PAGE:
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From: Jonathan Turkanis (technews_at_[hidden])
Date: 2004-08-18 13:57:20

<Arturo_Cuebas_at_[hidden]> wrote in message:

> > Current pratice is to speficy the entire signature, including the
> > (irrelevant) return type and the (redundant) class name. Arturo's
> > suggestion gets rid of the return type and class name, but
> > the (irrelevant) arity.
> When overloads differ only in the number of parameters and not
> the parameter types, arity becomes the only thing that's relevant.
> That's why I thought the ideal use would look like this when that's
> the case:
> whatever_cast<1>(&P::f)
> And like this when it's not:
> whatever_cast<char>(&P::f)
> I doubt that's possible though. :(

Right. You'd have to do something like this (switching to

    select_overload< mpl::int_<1> >(&P::f)

which is pretty ugly. This formulation supports both flavors:

    select_overload< by_args<char, int> >(&P::f)

    select_overload< by_arity<3> >(&P::f)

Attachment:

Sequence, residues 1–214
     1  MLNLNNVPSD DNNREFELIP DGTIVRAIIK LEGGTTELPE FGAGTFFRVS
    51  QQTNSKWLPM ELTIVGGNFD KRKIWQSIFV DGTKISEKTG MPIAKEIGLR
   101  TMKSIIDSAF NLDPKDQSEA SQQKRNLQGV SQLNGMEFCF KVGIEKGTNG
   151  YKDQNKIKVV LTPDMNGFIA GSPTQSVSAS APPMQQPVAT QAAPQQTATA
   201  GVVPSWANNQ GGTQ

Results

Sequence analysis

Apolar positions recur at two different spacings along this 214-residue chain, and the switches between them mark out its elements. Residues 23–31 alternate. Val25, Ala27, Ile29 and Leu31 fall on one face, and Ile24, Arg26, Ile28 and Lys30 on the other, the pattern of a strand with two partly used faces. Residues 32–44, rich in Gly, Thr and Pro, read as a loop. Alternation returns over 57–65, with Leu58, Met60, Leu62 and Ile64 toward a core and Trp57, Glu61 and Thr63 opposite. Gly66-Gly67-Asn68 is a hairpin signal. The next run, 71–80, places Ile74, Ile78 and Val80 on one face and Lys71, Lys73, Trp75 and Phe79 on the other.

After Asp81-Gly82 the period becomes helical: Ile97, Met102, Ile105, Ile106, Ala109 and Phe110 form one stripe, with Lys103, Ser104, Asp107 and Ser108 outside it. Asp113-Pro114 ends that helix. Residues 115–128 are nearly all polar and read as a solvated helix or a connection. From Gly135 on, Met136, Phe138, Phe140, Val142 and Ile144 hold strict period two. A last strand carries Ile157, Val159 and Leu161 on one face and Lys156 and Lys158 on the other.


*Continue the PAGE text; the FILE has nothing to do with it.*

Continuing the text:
But the utility of select_overload as a space-saver is starting to

> static_cast form. IMO, the arity-specifying form is further away
> that than the function-signature form. Consider that the return type
> can have a super-long name:
> whatever_cast
> <long_name_templatized_type<unsigned long, unsigned char> (char)>
> (&P::f)

True, but in my personal experience this happen less often then long
class names.

> > The essential information that needs to be supplied is just a
> > typelist.
> > [snip]
> Is it possible to implement whatever_cast in such a way that it
> what mpl::list does - in its acceptance of a variable number of
> parameters - but produces a function?

Only if we had default template arguments for function templates.
That's why Daniel mentioned



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